The Family Research Council’s Tony Perkins would not commit to supporting Mitt Romney as the GOP presidential nominee during an appearance on MSNBC this morning. Perkins — who is head of an organization that has been branded a “hate group” by the Southern Poverty Law Center — accused Romney of supporting “special employment rights based upon sexual behavior” and said that he “has a record that does not match his rhetoric.”
“The question is the level of enthusiasm and intensity,” Perkins said, predicting that conservatives would only grudgingly support Romney’s candidacy:
Indeed, conservatives have raised eyebrows about Romney’s support for LGBT causes in the early part of his political career. For instance, in 1994, Romney met with the Log Cabin Republicans and pledged, “I’m with you on this stuff… I’ll be better than Ted Kennedy.” Romney promised, in writing, to fight for “full equality for America’s gay and lesbian citizens,” co-sponsor a federal employment nondiscrimination act, and characterized Don’t Ask Don’t Tell as “the first in a number of steps that will ultimately lead to gays and lesbians being able to serve openly and honestly in our nation’s military.” He told Richard Weld, the group’s founder, that marriage equality was “not appropriate at this time” and insisted that the issue should be left to the states.
Romney continued his somewhat welcome embrace of gays and lesbians while serving as head of the 2002 Utah Olympics. He approved an amended workplace nondiscrimination policy that covered sexual orientation and “later reached out to Salt Lake’s gay community as part of the committee’s effort to enhance diversity in the Olympic workforce.”
Later as a gubernatorial candidate in 2002, Romney told a meeting of gay equality proponents that he would “support everything that it calls for in terms of recognizing unions between people. But just don’t use the M-word.” He promised to “promote tolerance and fight discrimination….[and] proposed a thorough review of state laws to see where lifelong gay and lesbian relationships were negatively affected, and how the state could change its practices to make them nondiscriminatory.” “At a very young age, my parents taught me important lessons about tolerance and respect,” he told gay equality groups. “I have carried these lessons with me throughout my life and will bring them with me if I am fortunate enough to be elected governor.” Romney’s campaign distributed flyers at a gay pride parade and he promised to strengthen laws against hate crimes, expand funding for AIDS treatment and prevention and “said he would look to both ‘protect already established rights and extend basic civil rights to domestic partnerships.’”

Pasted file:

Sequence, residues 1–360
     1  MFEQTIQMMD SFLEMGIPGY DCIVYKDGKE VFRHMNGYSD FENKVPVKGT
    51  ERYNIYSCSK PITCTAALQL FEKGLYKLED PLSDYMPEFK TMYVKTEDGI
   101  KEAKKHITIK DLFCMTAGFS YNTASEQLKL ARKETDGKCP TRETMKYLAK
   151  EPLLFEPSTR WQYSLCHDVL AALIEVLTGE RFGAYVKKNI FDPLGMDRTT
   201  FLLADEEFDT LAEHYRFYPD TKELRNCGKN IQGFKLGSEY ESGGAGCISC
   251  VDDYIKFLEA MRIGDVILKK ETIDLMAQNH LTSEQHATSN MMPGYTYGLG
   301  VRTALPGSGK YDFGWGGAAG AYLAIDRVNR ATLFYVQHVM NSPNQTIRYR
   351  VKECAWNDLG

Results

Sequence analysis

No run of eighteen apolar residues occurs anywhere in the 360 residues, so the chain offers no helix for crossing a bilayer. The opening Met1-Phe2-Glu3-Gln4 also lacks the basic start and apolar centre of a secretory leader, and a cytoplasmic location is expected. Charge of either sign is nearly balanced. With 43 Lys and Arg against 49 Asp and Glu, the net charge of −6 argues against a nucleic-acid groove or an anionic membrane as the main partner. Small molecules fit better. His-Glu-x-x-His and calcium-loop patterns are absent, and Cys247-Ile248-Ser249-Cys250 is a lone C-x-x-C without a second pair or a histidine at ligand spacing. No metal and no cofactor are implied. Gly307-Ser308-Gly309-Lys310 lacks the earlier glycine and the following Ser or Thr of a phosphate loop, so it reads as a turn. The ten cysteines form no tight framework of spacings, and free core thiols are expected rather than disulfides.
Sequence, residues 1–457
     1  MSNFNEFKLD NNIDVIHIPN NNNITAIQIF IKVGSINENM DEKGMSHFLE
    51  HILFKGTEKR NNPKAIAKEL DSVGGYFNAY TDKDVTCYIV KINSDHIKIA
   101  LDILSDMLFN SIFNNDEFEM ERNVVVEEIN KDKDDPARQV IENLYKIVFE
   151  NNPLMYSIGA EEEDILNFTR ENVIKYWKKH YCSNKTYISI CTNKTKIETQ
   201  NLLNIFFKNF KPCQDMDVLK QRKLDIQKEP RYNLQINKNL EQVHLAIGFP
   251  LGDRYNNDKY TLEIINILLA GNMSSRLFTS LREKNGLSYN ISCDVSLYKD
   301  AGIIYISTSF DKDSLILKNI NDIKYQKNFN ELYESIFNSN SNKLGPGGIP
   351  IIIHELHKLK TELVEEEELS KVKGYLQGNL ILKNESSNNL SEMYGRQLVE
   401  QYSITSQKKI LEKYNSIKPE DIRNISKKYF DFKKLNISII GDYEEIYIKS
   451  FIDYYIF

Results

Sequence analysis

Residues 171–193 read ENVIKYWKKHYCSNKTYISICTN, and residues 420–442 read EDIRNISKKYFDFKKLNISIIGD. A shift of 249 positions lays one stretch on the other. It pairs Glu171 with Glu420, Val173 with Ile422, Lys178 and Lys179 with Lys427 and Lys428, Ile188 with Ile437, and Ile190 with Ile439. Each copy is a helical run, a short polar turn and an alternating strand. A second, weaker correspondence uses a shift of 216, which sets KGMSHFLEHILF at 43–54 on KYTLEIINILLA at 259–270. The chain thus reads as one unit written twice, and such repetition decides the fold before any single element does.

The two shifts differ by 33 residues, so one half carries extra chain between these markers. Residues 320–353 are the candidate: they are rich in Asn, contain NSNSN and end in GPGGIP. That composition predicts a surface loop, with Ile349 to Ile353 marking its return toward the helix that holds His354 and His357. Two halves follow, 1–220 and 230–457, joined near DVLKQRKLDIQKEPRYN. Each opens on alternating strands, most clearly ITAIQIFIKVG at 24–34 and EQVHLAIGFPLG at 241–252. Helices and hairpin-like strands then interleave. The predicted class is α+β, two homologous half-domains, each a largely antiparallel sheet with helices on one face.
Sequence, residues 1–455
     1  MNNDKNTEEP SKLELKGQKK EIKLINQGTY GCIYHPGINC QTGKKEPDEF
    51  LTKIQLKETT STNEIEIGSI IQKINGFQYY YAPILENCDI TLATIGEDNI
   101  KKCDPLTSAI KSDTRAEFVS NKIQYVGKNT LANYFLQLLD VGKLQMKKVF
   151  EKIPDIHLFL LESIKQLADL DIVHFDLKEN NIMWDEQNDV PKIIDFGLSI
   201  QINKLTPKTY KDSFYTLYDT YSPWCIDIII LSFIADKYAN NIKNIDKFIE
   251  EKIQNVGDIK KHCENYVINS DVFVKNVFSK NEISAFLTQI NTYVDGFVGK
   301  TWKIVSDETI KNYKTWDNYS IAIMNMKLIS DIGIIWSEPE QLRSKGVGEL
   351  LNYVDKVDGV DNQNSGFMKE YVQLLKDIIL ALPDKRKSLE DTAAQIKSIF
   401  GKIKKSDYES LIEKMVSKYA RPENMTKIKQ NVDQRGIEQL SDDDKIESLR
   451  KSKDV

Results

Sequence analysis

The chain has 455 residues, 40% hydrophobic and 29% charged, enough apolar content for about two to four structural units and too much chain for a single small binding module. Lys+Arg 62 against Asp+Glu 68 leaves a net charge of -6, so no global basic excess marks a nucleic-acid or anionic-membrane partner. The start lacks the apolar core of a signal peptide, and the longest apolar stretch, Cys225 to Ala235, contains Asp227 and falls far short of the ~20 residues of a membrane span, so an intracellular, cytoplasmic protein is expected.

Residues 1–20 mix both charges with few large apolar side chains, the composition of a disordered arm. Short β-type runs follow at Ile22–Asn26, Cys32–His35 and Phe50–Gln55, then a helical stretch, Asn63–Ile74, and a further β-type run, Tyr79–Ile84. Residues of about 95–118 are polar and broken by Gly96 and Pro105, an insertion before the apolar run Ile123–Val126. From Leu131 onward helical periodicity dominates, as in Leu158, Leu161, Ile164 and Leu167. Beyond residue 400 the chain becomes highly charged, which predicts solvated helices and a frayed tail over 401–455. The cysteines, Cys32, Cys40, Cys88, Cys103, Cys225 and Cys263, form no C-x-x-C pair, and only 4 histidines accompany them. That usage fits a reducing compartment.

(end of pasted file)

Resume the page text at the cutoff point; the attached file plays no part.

As he prepared to make a run for national office, however, Romney “adopted a wholly new tone on gay rights.” He railed against the Massachusetts Supreme Court’s ruling legalizing same-sex marriage and lobbied Congress to pass a federal amendment outlawing the practice and questioned the fitness of gays and lesbians to serve as parents. “Some are actually having children born to them,” Romney said of gay couples before a nationally televised address to South Carolina Republicans in February 2005. Romney ultimately “sought to amend Massachusetts’s antidiscrimination laws so a Catholic adoption agency could deny placements to gay couples” and “eliminated the Governor’s Commission on Gay and Lesbian Youth, a panel that funded programs for gay teens and their schools.”
In this latest campaign, the former Massachusetts governor holds more moderate positions that still fall short of his earlier advocacy. He says he wouldn’t reinstate the military’s Don’t Ask, Don’t Tell policy or strongly lobby for a Constitutional amendment outlawing same-sex marriage. But he continues to pander to the right, telling a gay veteran in New Hampshire that he would support the repeal of same-sex marriage in the state. In its place, he would institute a complicated three-tier system for married gay couples.